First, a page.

"In this hard-hitting debut, journalist Potter likens the Justice Department targeting of environmentalists today to McCarthyism in the 1950s . . . A shocking expos of judicial overreach."--Kirkus Reviews (Starred review)
Will Potter is an award-winning reporter who has written for publications including the Chicago Tribune, the Dallas Morning News and Legal Affairs, and has testified before the U.S. Congress about his reporting. He is the creator of www.GreenIsTheNewRed.com, where he blogs about the Green Scare.
About the Author
Praise For Green Is the New Red: An Insider's Account of a Social Movement Under Siege…
"If you’ve ever supported an animal welfare or environmental organization, you too may be a suspected terrorist: That’s the chilling take-away from Green Is the New Red, a thoughtfully alarming examination of the U.S. government’s post-9/11 domestic terror probes, which have inordinately targeted progressive-leaning activist groups. Author Will Potter, a journalist whose own low-level activism ran up against Homeland Security, delves deep into the social, political, legaland, importantly, ethicalissues raised by this new war on 'ecoterrorism.'" Utne Reader
"In this hard-hitting debut, journalist Potter likens the Justice Department targeting of environmentalists today to McCarthyism in the 1950s. . . A shocking exposé of judicial overreach." Kirkus Reviews (Starred review)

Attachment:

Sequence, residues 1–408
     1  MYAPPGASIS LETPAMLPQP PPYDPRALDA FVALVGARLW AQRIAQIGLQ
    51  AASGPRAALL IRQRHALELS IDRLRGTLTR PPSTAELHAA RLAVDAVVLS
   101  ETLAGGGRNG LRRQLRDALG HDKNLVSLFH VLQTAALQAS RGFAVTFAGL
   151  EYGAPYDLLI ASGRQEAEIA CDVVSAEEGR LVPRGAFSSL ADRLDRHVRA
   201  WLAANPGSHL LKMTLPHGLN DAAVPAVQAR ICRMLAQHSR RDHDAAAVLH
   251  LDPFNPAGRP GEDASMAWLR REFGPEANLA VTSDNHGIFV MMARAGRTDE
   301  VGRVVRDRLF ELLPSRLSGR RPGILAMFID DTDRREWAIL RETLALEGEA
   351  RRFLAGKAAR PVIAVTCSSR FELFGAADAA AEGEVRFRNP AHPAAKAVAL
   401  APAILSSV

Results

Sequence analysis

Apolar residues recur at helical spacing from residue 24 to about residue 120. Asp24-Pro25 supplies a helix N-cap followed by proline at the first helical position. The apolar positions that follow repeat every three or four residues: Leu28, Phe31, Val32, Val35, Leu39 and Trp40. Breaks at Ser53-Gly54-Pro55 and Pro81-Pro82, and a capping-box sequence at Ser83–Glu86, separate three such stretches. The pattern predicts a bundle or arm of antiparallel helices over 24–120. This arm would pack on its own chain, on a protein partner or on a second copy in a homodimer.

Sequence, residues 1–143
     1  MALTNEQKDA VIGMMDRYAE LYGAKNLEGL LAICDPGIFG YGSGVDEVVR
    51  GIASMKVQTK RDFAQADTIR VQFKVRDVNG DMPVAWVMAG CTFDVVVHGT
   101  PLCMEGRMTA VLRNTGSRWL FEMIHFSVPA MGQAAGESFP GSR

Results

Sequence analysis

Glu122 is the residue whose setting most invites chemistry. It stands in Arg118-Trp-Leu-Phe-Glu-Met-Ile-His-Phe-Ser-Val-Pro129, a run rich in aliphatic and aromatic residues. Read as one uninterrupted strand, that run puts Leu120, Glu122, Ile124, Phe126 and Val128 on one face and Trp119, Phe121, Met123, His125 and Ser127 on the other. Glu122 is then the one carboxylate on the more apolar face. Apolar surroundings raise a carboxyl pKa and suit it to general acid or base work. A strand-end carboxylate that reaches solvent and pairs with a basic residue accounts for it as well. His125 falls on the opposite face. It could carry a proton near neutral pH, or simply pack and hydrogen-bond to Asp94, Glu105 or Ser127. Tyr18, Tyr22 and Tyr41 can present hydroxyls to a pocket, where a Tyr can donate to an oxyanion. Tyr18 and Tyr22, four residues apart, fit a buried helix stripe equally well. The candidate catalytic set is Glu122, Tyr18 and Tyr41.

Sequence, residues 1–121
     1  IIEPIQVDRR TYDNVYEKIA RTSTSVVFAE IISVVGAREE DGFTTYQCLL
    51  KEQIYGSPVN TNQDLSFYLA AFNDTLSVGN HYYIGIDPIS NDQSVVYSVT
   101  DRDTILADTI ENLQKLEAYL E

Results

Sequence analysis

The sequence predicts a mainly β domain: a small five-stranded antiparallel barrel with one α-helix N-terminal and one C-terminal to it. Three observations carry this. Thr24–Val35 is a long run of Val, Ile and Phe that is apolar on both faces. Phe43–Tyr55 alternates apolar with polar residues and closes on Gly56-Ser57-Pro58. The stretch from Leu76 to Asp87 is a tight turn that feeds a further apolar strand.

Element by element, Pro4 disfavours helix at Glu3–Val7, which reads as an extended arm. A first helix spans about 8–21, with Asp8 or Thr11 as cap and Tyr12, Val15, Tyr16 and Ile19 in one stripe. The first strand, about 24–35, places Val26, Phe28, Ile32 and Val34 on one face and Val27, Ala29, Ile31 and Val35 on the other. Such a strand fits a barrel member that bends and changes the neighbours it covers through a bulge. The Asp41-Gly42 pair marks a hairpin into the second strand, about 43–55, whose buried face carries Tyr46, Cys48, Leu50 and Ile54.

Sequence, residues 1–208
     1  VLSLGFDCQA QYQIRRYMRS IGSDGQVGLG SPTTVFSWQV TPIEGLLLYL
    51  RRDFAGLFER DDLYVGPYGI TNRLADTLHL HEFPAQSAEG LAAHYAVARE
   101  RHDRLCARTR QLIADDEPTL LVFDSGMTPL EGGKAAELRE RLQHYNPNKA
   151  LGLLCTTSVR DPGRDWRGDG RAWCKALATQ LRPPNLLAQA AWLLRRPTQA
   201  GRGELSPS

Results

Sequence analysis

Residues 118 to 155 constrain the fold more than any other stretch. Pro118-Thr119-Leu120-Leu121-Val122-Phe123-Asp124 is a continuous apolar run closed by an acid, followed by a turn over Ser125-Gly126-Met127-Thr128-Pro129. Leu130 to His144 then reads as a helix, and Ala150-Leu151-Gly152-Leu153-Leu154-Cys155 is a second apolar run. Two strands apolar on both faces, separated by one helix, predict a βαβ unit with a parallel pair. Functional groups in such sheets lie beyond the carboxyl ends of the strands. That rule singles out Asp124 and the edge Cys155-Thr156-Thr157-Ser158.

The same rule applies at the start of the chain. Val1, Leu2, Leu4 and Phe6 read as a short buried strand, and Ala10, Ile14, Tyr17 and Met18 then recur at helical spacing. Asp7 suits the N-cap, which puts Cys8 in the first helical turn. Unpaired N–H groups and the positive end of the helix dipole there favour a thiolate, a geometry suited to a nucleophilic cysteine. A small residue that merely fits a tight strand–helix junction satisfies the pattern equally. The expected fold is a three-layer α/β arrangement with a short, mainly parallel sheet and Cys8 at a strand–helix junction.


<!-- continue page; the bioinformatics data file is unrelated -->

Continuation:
"Potter (a contributor to The Next Eco-Warriors) warns that the U.S. government is using post-9/11 anti-terrorism resources to target environmentalists and animal right activists (in some cases for doing nothing but speaking up). After being threatened with a domestic terrorist label for leafleting, Potter turned to uncovering the "Green Scare" and details here the story of the Animal Liberation Front (ALF) and controversial protests that resulted in severe jail sentences for participants. Tracing funds from animal-exploiting corporations to Congress and the passing of the big business-friendly Animal Enterprise Terrorism Act, Potter reports on an increased usage of the terrorism enhancement in court cases. Citing Freedom of Information Act sources, he reveals that the U.S. government has constructed secret prisons, or Communication Management Units (CMUs), to house suspected terrorists in conditions even more extreme than those of Supermax facilities (which house Zacarias Moussaoui and Eric Rudolph, among others). Potter warns of the crumbling of 'the legal wall separating 'terrorist' from dissident' or undesirable,' and concludes his account with a call to action and a decry of the injustice that results in the 'terrorist' label being put on those who threaten American corporate interests. Alarming." Publishers Weekly
"While the link between separating recyclables and hijacking planes is far from obvious, the labeling of 'eco-terrorism' has been applied to many aspects of this social movement. Named the 'No. 1 domestic terrorism threat' by FBI deputy assistant director John Lewis six years ago, Potter argues that the fear tactics involved in applying such an evocative term to radical activism is an attempt to intimidate that mirrors the Red Scare of the mid-20th century (which was in fact the second wave of the government's anti-Communist focus)." Austin Examiner